McCartney E, Bacci JL, Ossman KL, et al. Mobile application features sought after by patients of a regional grocery store chain pharmacy. J Am Pharm Assoc. 2016;56(1):62-66.

Effectiveness of a pharmacist-physician collaborative program to manage influenza-like illness

This study was designed to examine the effectiveness of a collaborative agreement between physicians and community pharmacists to treat influenza-like illness (ILI). Every year in the US, there are at least 48,000 deaths and 226,000 hospitalizations resulting from influenza. Normally neuraminidase inhibitors are used to treat it by preventing the cleavage of virions from infected cells, therefore halting the spread of the virus within the body. However, this does not eradiate the virus. Studies found that early detection of the disease if critical to achieving optimal outcomes for treatment, but this is challenging. Many people use OTC products to alleviate symptoms instead of seeking immediate medical attention, delaying actual treatment of the infection. When patients come into the pharmacy to obtain OTC products, this is an opportunity for pharmacist intervention. A study conducted during the 2007-2008 and 2008-2009 flu seasons found that a pharmacist-physician collaborative program resulted in more immediate identification and treatment for patients with ILI. This study conducted from October 2013 to May 2014 and examined clinical outcomes and healthcare utilizations.

The study took place across fifty-five pharmacies in Michigan, Minnesota, and Nebraska. The pharmacists screened adult patients that came to pharmacies presenting symptoms of ILI. Then, they carried point-of-care rapid influenza diagnostic test (RIDT), completed a brief physical examination, and provided a corresponding treatment or referral through an established collaborative practice agreement (CPA) with a local licensed prescriber. After the encounter, pharmacists followed up 24 to 48 hours afterwards with the patient to assess their status and if any further intervention is needed. The outcomes measured were the number of patients screened, tested, and treated for ILI.

There were 121 patients screened overall. Of these patients, 75 were eligible for participation, and 8 had a positive RIDT and were managed accordingly. Of the tested patients 38.7% visited a pharmacist outside of normal office hours and 34.6% did not have a primary care physician. Just 3% said they felt worse at the follow-up. This study found that using a CPA enabled pharmacists to provide timely treatment to patients with and without influenza. One limitation of this study is that it did not use confirmatory testing of the RIDT results. Therefore, there was a possibility that patients were misclassified of having or not having influenza. This study demonstrated that the improved performance of CLIA-waved RIDTs and increased clinical training for pharmacists have made an opportunity for pharmacists and physicians to use a CPA to improve early detected and treatment for patients with influenza. Overall, a CPA could improve the number of patients visiting a physician for causes that only require management of symptoms. If more studies regarding this topic are conducted, hopefully this will lead to better management of patients presenting ILI.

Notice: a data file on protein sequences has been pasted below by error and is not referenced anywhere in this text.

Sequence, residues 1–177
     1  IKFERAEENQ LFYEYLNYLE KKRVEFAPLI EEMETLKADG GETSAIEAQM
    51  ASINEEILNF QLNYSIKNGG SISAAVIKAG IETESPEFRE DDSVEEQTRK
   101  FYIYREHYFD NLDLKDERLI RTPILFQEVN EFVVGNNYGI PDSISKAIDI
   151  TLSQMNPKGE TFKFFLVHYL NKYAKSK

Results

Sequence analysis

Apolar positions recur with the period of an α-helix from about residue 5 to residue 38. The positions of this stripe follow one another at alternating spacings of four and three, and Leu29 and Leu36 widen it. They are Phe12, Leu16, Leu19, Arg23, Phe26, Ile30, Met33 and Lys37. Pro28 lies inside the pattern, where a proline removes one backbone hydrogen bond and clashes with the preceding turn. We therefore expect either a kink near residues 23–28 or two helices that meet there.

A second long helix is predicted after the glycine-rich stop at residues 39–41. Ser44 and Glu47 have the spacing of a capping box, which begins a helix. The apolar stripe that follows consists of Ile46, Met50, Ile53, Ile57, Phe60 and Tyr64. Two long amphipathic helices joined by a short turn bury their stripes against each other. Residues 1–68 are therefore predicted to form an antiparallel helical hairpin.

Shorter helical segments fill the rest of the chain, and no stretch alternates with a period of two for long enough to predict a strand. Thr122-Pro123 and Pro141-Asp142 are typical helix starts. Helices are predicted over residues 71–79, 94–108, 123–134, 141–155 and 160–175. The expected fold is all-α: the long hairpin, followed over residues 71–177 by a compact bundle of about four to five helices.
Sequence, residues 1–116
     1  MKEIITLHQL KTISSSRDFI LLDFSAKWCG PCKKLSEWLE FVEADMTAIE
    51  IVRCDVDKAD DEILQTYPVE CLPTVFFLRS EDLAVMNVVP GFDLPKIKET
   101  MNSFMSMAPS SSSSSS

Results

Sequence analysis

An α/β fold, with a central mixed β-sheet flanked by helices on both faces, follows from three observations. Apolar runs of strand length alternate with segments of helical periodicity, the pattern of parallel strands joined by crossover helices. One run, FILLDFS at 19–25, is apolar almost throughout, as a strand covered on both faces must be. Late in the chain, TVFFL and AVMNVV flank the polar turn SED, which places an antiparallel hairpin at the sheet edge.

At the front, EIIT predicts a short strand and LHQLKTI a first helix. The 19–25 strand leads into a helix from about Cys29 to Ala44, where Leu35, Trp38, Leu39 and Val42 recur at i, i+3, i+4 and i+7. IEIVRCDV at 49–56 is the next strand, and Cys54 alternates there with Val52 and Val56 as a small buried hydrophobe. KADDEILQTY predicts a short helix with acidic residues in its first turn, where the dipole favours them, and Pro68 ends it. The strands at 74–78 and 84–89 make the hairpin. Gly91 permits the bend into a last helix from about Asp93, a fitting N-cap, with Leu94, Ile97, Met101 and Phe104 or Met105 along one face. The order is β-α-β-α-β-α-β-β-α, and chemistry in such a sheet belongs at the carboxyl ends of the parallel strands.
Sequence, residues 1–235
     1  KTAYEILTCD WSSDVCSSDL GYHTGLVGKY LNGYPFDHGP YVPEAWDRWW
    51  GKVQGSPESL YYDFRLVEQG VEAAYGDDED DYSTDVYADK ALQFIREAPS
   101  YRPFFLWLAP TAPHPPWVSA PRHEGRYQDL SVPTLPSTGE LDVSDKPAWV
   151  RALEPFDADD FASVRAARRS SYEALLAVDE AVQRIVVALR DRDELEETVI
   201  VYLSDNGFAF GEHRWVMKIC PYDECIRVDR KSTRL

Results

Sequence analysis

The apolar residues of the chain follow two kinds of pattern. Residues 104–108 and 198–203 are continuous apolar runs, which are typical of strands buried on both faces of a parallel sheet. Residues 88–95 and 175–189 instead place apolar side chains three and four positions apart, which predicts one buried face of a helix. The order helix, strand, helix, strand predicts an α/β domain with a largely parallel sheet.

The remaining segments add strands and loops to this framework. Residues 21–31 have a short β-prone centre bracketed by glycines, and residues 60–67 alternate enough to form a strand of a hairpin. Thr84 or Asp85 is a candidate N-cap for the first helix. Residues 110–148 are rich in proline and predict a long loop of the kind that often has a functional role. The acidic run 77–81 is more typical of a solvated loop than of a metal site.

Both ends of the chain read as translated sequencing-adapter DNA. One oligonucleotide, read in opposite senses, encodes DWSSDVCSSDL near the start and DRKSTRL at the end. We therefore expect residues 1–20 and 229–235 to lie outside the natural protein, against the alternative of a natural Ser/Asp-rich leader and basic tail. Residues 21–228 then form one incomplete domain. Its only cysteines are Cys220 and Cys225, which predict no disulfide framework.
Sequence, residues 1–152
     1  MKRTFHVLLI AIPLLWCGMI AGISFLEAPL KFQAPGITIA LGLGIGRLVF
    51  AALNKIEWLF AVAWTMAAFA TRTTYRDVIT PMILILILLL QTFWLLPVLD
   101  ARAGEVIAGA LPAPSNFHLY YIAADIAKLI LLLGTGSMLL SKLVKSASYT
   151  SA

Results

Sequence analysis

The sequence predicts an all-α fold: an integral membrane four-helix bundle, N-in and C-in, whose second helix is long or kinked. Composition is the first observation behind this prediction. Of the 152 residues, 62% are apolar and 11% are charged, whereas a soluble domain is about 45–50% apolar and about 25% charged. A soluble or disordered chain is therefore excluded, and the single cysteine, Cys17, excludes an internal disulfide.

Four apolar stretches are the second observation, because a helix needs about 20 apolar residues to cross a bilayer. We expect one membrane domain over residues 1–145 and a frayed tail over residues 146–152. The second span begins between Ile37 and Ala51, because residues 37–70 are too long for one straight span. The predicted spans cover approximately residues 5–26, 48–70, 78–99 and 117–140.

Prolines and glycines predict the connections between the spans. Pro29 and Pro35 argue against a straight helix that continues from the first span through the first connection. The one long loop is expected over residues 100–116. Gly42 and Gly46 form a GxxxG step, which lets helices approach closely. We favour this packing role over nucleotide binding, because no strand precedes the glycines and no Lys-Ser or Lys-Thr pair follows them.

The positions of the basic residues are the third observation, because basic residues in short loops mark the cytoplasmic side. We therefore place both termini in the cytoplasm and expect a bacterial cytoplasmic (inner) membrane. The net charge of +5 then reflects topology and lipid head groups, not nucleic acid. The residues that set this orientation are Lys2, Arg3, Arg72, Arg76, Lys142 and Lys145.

Klepser ME, Klepser DG, Dering-Anderson AM, et al. Effectiveness of pharmacist-physician collaborative program to manage influenza-like illness. J Am Pharm Assoc. 2016;56(1):14-21.

Blood Pressure kiosks for medication therapy management programs

For one month, the total revenue collected by using blood pressure kiosks was generated and measured to identify how valuable kiosks could be in identifying hypertensive patients. Studies currently show that hypertension affects twenty to thirty percent of North American adults, and one-half of this hypertensive population remain uncontrolled. Uncontrolled hypertension leads to many adverse effects, some of which include heart failure, myocardial infarction, and stroke. By implementing blood pressure kiosks, patients may more easily obtain their blood pressure readings, and therefore find help from pharmacists if deemed necessary.

From this study, researchers concluded that on average, 189 hypertensive patients per month would qualify for a drug review and patient consult with a pharmacist. These reviews and consults would qualify for revenue collected. Overall, more than 7.5 million readings from 341 pharmacies were taken on the blood pressure kiosks. Through calculations, researchers determined by pharmacies could collect an average of $12,270 annually in revenue from MTM services provided to patients who discovered their hypertension. It is evident that blood pressure kiosks are very valuable in a pharmaceutical setting.

I found this article interesting because I myself have used a similar kiosk at a local pharmacy. Although I had already known that I was not hypertensive and I was merely just playing with the technology, I did wonder how beneficial the kiosk was to the company that I was in. From this study, I have no doubt implementing a blood pressure kiosk can help pharmacists generate more patients, thereby providing the assistance and improving patient outcomes.

 

Houle SK, Chuck AW, Tsuyuki RT. Blood pressure kiosks for medication therapy management programs: Business opportunity for pharmacists.. J Am Pharm Assoc. 2003;52:188-194.

http://japha.org/article.aspx?articleid=1044014#Methods